He noted the investment the company makes in research, most recently the partnership with Teagasc.
“We’re doing our very best to ensure that the collaboration [with Teagasc] will ultimately ensure that our growers have either the first or second most profitable cereal crop on the island.”
That’s in keeping with our ambition to taking into consideration the hard work our growers put into supply here.
Local photographer Robert Redmond was taking photos on the day. He is based across the road, and the canal, from the Boortmalt site
IFA says farmers need premium products
Speaking at the tour of the new site, chairperson of the IFA grain committee, Mark Browne commented on the expansion:
“We’re delighted with the expansion, as it will increase the tonnage of quality, premium barley being supplied by growers, which will fall under the pricing structure that we have now.
The more tonnes that are needed the better for farmers, as it will increase premium markets. We need premium markets for the sustainability of the tillage industry.
A host of local politicians were on hand to see the start of the new development. Among them were: Minister of State, Andrew Doyle; TD Pat Deering – chairperson of the Oireachtas Joint Committee on Agriculture; as well as The Ceann Comhairle Seán Ó’Fearghaíl.
Where does all the malt go?
During his remarks Peter stated that: “We wouldn’t be in business without the customers we supply.”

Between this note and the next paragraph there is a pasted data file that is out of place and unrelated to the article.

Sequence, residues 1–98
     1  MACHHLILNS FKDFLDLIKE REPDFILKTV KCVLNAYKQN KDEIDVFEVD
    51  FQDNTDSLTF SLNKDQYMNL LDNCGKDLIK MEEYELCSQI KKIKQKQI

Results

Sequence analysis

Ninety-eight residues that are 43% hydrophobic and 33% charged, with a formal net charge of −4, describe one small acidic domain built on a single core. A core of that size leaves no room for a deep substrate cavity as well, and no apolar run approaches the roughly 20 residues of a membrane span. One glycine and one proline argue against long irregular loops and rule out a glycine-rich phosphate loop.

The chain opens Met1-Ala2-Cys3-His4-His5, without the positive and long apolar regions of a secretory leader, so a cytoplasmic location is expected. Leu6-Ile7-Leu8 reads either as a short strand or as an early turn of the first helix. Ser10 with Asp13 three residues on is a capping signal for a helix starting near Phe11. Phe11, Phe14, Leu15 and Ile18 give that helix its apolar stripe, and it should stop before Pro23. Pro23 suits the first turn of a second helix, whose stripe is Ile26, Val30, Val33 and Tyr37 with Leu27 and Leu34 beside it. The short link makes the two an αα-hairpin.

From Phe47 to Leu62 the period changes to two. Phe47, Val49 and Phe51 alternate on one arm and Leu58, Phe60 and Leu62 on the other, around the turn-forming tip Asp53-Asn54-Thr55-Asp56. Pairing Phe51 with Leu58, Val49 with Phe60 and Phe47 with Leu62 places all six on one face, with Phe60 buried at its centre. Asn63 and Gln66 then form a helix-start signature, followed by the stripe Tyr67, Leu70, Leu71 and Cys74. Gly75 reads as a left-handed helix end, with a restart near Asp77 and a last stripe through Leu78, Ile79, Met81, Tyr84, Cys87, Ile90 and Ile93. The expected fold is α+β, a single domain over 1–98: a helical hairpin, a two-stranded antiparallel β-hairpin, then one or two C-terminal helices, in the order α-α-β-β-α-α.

Pat Kennedy – the malting plant manager at Boortmalt – gave some background to what the malt is used for.
“We produce just under 100,000t of malt on this site. Over 70% of that goes into St. James’s Gate in Dublin, so if you drink a pint of Guinness you are drinking Guinness made with our malt, grown with our barley locally.
“So, for us it’s a real success story. Guinness is a global brand, as are Bushmills, Heineken, Jameson and all of the different customers that we have.
We will be expanding by 40%, because the demand is here on the island, particularly with the growth in the distilling industry.
Pat explained that the plant currently has the capacity to store up to 60,000t of barley and 15,000t of malt. The new plant will take batches of 240t at a time and create the extra 40,000t mentioned earlier.
What will the expansion consist of?
A steep house containing four conical steeps;
Two germinating vessels;
One circular kiln;
“The plan is that we will be up and running and in operation by January 2020. The customers need the malt so we’ve a very, very tight schedule,” Pat added.
Timeline to the plan
The start of the development has been long awaited. Boortmalt first announced a plan to increase capacity at its plant by 30,000t in November 2017 and hoped for it to be operational by June 2019.
Transport services and infrastructure in Ireland is “uneven”, with rural western areas losing out to the east, according to a report from an Oireachtas committee.
According to the Joint Committee on Rural and Community Development, Government departments and other agencies must “work together to ensure planned rural transport projects are funded”.
The report, published today, Wednesday, July 17, makes several recommendations on how this can be achieved.
For too long, infrastructural development has been concentrated in the east. This has resulted in a situation where all roads lead to the capital, but there is poor connectivity between regional areas.
Clare Fine Gael TD Joe Carey, who is the chairperson of the committee, said: “The inherent social and economic potential which exists in rural areas has often been overlooked. This has led to a situation where there has been uneven distribution of public transport services in rural areas.
“As well as this, there has been a lack of joined up thinking about transport service provision and connectivity in the regions,” deputy Carey added.
The committee calls for increased funding for national, regional and local roads, and that Government departments work together to ensure that the funding, rather than just planning, is provided.